FRIENDSWOOD, Tex. — Richard Finley and his wife, Roxy, drove to the police station in the Alfa Romeo. The Ferrari was in the shop.
The police had asked them to come in because Roxy had called the day before to report a neighborhood disturbance. Roxy was no stranger to the police. She called often to complain when children on dirt bikes went screaming up the trail behind their house. And if the police did not respond fast enough, she would take it to the City Council. Roxy was like that. She got involved.
Then there was Richard. Tall, blond, handsome. He was the kind who taught the neighbor kid how to throw and catch a baseball and had the time to do it. He didn't work because, he said, he had already made his fortune in investment banking. Pressure never got to Richard; he was an ice man, friends said.
Seemed Minor Incident
At the station, the Finleys were ushered into a detective's office. Still, there seemed nothing to worry about. They were there, after all, to follow up on Roxy's call.
"Mr. Hadley, would you have a seat please," said one of the men in the office. He was FBI agent Terrence Kettler.
"What's this all about?" asked Roxy, turning to her husband.
Kettler held up an FBI wanted poster. The picture on it was of Richard Glenn Finley, the Friendswood resident who drove an Alfa and a Ferrari and didn't work. The name on the poster was Steven R. Hadley, late of Waterloo, Iowa, and wanted for the embezzlement of more than $1 million.
Five years earlier, Steven Hadley had disappeared, leaving behind a wife and three children in Waterloo. The police say Hadley is the man who walked out of the John Deere Community Credit Union, where he was a manager, with $1,136,000 in two cardboard boxes.
Roxy, upset and confused, was led from the room.
"She knows nothing about this," said Hadley after the door clicked shut.
The story of Steven Hadley, alias Richard Glenn Finley, has its share of twists. He is accused of committing one of the most celebrated crimes in Waterloo history, yet he had such an ingratiating personality that dozens of friends have taken up his cause and raised more than $6,000 for his defense.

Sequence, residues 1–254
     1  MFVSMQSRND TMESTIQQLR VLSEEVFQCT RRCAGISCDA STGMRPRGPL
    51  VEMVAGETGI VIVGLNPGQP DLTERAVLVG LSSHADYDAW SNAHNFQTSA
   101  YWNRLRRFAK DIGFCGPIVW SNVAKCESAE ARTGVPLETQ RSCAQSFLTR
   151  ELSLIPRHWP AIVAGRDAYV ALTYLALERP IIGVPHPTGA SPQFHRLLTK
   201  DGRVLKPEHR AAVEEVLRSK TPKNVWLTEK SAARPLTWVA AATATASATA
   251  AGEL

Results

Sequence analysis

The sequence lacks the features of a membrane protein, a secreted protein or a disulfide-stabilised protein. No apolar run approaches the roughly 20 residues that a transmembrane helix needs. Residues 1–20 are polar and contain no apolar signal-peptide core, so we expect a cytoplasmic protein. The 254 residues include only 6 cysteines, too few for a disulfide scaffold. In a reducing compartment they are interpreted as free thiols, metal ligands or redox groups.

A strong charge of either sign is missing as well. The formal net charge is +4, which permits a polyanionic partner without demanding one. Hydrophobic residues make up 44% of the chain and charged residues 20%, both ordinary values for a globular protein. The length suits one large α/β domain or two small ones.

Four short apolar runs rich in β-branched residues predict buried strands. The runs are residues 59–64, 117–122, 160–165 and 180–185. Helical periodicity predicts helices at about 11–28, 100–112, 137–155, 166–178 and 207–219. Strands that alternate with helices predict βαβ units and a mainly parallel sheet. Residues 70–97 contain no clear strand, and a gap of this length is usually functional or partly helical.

Church Raised $50,000
His parents' church in the tiny Quaker farming village of New Providence, Iowa, raised $50,000 for Hadley's bail, only to have bail denied by a Houston judge.
It is as if Hadley were two people, one the scoundrel who deserted his family, the other a man who endeared himself to those who met him.
The police in Friendswood, a Houston bedroom community only a few miles from the Johnson Space Center, knew for years that the man they called Finley must have done something wrong. After all, they reasoned, no one pays cash for a $70,000 house, a $61,000 Ferrari and a $30,000 Alfa unless there is some shadiness involved. Real people pay in installments. Real people don't have cars that are worth more than the house.
Yet there he was, never stepping out of line, never giving them a clue about his past. Meanwhile, his wife was becoming increasingly active and vocal in community affairs--hardly the low profile a crook would keep. The whole business was a real stumper.
Finally, there was the freaky solution to the mystery of Richard G. Finley. It came like falling dominoes: a television program that prompted the mailing of a wanted poster that, quite by accident, landed on the desk of the police lieutenant who for years had been searching for Finley's true identity. In the end, it was pure, dumb luck that landed Hadley after five years on the run.
Steven Hadley's life had all the markings of Midwestern average before the day in July, 1983, when he disappeared. He grew up on a farm near New Providence, about 50 miles southwest of Waterloo and attended the University of Northern Iowa in nearby Cedar Falls. He married his first wife, Kathryn, and soon the first of three children was on the way. In 1973, he began working at the John Deere credit union and, over the next 10 years, worked his way up to become a branch office manager. But in mid-July of 1983, he returned to the main office to fill in for a vacationing worker.
In the ensuing weeks, investigators would find that Hadley had ordered the delivery of an extra $911,000 from area banks, an event that at the time attracted little attention. The credit union, Iowa's largest, often needed large sums on Friday payroll days.
Workers would remember that Hadley spent some time in the vault on July 21 and that he carried two large cardboard boxes from the credit union.
Later, a car rented to Hadley was found in the Waterloo airport parking lot. Police found two $10,000 currency wrappers, four of Hadley's identification cards, 18 keys on a ring and a suitcase with his initials on it.
Lost Trail in L.A.
Investigators would learn that Hadley had purchased two matching suitcases for $49.97 each, as well as a chestnut brown wig. They would trace his steps from Waterloo to Chicago to Los Angeles under the name of Robert J. Johnson before losing the trail.